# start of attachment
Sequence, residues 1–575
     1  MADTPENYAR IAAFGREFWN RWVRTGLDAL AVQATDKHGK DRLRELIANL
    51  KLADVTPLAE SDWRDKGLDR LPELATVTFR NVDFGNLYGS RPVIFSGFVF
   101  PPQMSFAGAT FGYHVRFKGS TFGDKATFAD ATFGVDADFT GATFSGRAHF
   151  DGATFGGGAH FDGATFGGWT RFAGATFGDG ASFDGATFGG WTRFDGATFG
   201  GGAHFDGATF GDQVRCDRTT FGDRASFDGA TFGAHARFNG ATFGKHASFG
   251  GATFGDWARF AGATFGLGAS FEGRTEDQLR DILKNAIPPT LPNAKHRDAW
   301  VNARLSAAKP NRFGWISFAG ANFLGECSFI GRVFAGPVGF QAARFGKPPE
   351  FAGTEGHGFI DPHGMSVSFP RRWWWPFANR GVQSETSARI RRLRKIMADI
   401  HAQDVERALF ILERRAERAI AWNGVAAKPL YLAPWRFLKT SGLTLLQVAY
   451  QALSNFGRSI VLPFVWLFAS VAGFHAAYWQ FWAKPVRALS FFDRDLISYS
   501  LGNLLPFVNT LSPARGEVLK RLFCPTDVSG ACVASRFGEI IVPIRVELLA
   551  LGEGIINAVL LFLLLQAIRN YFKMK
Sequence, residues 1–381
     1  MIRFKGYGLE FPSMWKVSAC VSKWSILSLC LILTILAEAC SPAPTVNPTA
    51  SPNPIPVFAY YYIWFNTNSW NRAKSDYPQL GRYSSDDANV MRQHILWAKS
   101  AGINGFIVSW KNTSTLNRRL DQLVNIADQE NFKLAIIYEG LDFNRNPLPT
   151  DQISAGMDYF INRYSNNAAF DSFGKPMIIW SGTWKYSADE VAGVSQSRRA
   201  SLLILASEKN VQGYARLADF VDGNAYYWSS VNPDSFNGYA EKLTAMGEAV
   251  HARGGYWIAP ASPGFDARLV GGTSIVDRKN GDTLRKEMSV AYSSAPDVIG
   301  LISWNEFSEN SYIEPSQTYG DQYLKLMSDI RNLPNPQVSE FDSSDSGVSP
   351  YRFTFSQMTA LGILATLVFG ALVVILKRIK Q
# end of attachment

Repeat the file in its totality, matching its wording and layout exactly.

Sequence, residues 1–575
     1  MADTPENYAR IAAFGREFWN RWVRTGLDAL AVQATDKHGK DRLRELIANL
    51  KLADVTPLAE SDWRDKGLDR LPELATVTFR NVDFGNLYGS RPVIFSGFVF
   101  PPQMSFAGAT FGYHVRFKGS TFGDKATFAD ATFGVDADFT GATFSGRAHF
   151  DGATFGGGAH FDGATFGGWT RFAGATFGDG ASFDGATFGG WTRFDGATFG
   201  GGAHFDGATF GDQVRCDRTT FGDRASFDGA TFGAHARFNG ATFGKHASFG
   251  GATFGDWARF AGATFGLGAS FEGRTEDQLR DILKNAIPPT LPNAKHRDAW
   301  VNARLSAAKP NRFGWISFAG ANFLGECSFI GRVFAGPVGF QAARFGKPPE
   351  FAGTEGHGFI DPHGMSVSFP RRWWWPFANR GVQSETSARI RRLRKIMADI
   401  HAQDVERALF ILERRAERAI AWNGVAAKPL YLAPWRFLKT SGLTLLQVAY
   451  QALSNFGRSI VLPFVWLFAS VAGFHAAYWQ FWAKPVRALS FFDRDLISYS
   501  LGNLLPFVNT LSPARGEVLK RLFCPTDVSG ACVASRFGEI IVPIRVELLA
   551  LGEGIINAVL LFLLLQAIRN YFKMK
Sequence, residues 1–381
     1  MIRFKGYGLE FPSMWKVSAC VSKWSILSLC LILTILAEAC SPAPTVNPTA
    51  SPNPIPVFAY YYIWFNTNSW NRAKSDYPQL GRYSSDDANV MRQHILWAKS
   101  AGINGFIVSW KNTSTLNRRL DQLVNIADQE NFKLAIIYEG LDFNRNPLPT
   151  DQISAGMDYF INRYSNNAAF DSFGKPMIIW SGTWKYSADE VAGVSQSRRA
   201  SLLILASEKN VQGYARLADF VDGNAYYWSS VNPDSFNGYA EKLTAMGEAV
   251  HARGGYWIAP ASPGFDARLV GGTSIVDRKN GDTLRKEMSV AYSSAPDVIG
   301  LISWNEFSEN SYIEPSQTYG DQYLKLMSDI RNLPNPQVSE FDSSDSGVSP
   351  YRFTFSQMTA LGILATLVFG ALVVILKRIK Q